Can you say with certainty what kind of ROI you’re getting from your direct mail marketing efforts? If you said “yes,” what are you basing it on? And if “yes” was your answer, then we will assume that you’re tracking your results because…well, the only way you could be sure of your ROI is by tracking results.

But for too many small business owners, “tracking results” equates to “number of postcards out,” and “number of leads/sales in.” Yet, if you looked closer, many of them would not be able to say for sure what motivated a particular incoming inquiry. Might’ve been the mailing. Might’ve been organic search or…. You get the point.

So here’s what to do in order to get a tighter, more certain grip on your direct marketing ROI.

1.) Write the ending first.

Identify exactly what action you want your prospect to take in response to your direct mail piece. Do you want them to order? Join your Facebook group? Call you for a quote? If you know in advance what end you want, then you (a) know what your call to action will be and (b) you can track the success of the campaign. It becomes a matter of monitoring a particular kind of response, rather than just “response.”

2.) Have a dedicated destination.

If your call to action is “call now,” the card should bear a unique phone number so that you can tell which calls came from that mailing. If you’re directing people to a landing page, same thing; make the URL unique to that mailing. Unique promo codes and discount codes also fall under this “dedicated” idea.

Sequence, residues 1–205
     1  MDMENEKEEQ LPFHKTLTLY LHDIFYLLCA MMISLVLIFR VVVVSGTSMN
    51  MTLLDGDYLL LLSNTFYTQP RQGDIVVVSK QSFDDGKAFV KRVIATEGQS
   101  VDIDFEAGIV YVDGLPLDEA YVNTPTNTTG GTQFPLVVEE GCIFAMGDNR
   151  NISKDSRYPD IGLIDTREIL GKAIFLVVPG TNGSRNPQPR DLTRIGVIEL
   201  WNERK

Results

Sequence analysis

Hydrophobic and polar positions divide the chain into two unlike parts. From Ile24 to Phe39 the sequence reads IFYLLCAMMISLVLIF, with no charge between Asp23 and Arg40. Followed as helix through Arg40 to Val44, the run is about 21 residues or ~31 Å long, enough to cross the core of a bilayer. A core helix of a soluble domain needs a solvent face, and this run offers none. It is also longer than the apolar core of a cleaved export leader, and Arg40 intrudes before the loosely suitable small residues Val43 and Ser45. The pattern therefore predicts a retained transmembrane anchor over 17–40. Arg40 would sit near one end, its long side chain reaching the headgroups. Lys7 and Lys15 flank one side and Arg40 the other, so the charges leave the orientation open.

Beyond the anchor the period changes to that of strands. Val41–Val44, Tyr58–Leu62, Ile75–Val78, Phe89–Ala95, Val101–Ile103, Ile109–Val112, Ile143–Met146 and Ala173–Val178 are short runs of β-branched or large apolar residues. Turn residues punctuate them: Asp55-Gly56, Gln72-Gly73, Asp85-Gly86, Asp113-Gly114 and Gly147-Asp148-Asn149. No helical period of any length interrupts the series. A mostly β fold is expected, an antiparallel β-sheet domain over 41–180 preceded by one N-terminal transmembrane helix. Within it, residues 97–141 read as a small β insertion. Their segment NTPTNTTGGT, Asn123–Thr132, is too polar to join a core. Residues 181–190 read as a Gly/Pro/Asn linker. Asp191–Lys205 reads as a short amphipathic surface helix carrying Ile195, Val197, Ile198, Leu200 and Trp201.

3.) Always be testing.

Regardless of the size of your mailing, always mail at least two versions: the one that’s currently the most effective (“the control”) and another version (or versions) on which you’re testing some aspect of the design or copy, to see if you can make it even more effective. And for each design, refer back to #2—have a dedicated destination for each, so you can see which is most effective.

4.) Gauge the prospects’ response time.

If you’ve been marketing with postcards a while, then you probably know what kind of prospect lag time to expect. If you’re new at it, don’t assume what it should be. Rather, observe and find out what it is. This is important because, depending on your industry, you might get immediate response with one card, whereas in other industries, you may have to do more three or more separate mailings before responses start coming in. (And, of course, keep #2 and 3 in mind, so you can identify which of the three got the best response….)

5.) Monitor all of the data.

Successful marketing is a science as much as an art. And science relies on the collection and interpretation of data. Every mailing can return to you a range of data—measurable items—which you should track on spreadsheet. Which design/copy/call to action got the best response? Which geographic area responded most? Which card brought in the most leads? Most sales? No measurable item is too small. Collect it all, put it all on your spreadsheet and analyze it to find out which mailings are the most effective.


The most cost-effective way to send out multiple mailings is to log on to, where you can design A/B versions of your postcards, using our custom templates or your own design. You can address and mail them too, all from your own computer.

Or, for the least amount of trial and error, call Opportunity Knocks at 1 (866) 319-7109. Our design and marketing pros know what works for your industry and will save you time and trouble while increasing your response.